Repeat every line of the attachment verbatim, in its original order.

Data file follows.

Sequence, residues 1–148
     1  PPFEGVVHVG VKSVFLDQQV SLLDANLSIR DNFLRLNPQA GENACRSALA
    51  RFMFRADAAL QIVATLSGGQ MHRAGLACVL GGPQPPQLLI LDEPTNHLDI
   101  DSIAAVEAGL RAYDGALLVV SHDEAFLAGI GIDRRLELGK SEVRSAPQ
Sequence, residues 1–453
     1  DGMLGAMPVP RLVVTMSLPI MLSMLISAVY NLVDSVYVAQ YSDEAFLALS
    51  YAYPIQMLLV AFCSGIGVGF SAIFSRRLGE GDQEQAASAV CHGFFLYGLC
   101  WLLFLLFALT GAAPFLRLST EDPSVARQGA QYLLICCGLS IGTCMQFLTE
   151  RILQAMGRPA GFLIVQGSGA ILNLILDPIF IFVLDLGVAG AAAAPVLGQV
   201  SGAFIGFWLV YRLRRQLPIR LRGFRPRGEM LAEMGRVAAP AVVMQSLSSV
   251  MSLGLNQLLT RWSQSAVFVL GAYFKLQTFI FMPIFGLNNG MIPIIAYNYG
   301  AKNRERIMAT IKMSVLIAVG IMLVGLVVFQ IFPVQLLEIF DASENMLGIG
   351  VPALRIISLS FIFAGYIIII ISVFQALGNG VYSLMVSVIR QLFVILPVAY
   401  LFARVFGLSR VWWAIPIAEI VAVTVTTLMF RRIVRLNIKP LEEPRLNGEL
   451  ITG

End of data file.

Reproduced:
Sequence, residues 1–148
     1  PPFEGVVHVG VKSVFLDQQV SLLDANLSIR DNFLRLNPQA GENACRSALA
    51  RFMFRADAAL QIVATLSGGQ MHRAGLACVL GGPQPPQLLI LDEPTNHLDI
   101  DSIAAVEAGL RAYDGALLVV SHDEAFLAGI GIDRRLELGK SEVRSAPQ
Sequence, residues 1–453
     1  DGMLGAMPVP RLVVTMSLPI MLSMLISAVY NLVDSVYVAQ YSDEAFLALS
    51  YAYPIQMLLV AFCSGIGVGF SAIFSRRLGE GDQEQAASAV CHGFFLYGLC
   101  WLLFLLFALT GAAPFLRLST EDPSVARQGA QYLLICCGLS IGTCMQFLTE
   151  RILQAMGRPA GFLIVQGSGA ILNLILDPIF IFVLDLGVAG AAAAPVLGQV
   201  SGAFIGFWLV YRLRRQLPIR LRGFRPRGEM LAEMGRVAAP AVVMQSLSSV
   251  MSLGLNQLLT RWSQSAVFVL GAYFKLQTFI FMPIFGLNNG MIPIIAYNYG
   301  AKNRERIMAT IKMSVLIAVG IMLVGLVVFQ IFPVQLLEIF DASENMLGIG
   351  VPALRIISLS FIFAGYIIII ISVFQALGNG VYSLMVSVIR QLFVILPVAY
   401  LFARVFGLSR VWWAIPIAEI VAVTVTTLMF RRIVRLNIKP LEEPRLNGEL
   451  ITG